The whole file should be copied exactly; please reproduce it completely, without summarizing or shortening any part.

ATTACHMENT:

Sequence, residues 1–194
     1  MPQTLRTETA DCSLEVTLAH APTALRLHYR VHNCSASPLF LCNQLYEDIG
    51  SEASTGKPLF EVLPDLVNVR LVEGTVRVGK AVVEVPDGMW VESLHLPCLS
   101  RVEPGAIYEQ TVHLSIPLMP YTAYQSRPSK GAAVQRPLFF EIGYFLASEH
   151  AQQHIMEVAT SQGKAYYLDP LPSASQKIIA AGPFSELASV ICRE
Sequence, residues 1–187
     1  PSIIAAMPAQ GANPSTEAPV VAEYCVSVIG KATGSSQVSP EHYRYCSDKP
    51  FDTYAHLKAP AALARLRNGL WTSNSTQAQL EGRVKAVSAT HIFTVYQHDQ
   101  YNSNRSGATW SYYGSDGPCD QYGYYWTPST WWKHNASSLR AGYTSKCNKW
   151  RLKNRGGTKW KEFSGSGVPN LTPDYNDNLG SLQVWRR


Sequence, residues 1–194
     1  MPQTLRTETA DCSLEVTLAH APTALRLHYR VHNCSASPLF LCNQLYEDIG
    51  SEASTGKPLF EVLPDLVNVR LVEGTVRVGK AVVEVPDGMW VESLHLPCLS
   101  RVEPGAIYEQ TVHLSIPLMP YTAYQSRPSK GAAVQRPLFF EIGYFLASEH
   151  AQQHIMEVAT SQGKAYYLDP LPSASQKIIA AGPFSELASV ICRE
Sequence, residues 1–187
     1  PSIIAAMPAQ GANPSTEAPV VAEYCVSVIG KATGSSQVSP EHYRYCSDKP
    51  FDTYAHLKAP AALARLRNGL WTSNSTQAQL EGRVKAVSAT HIFTVYQHDQ
   101  YNSNRSGATW SYYGSDGPCD QYGYYWTPST WWKHNASSLR AGYTSKCNKW
   151  RLKNRGGTKW KEFSGSGVPN LTPDYNDNLG SLQVWRR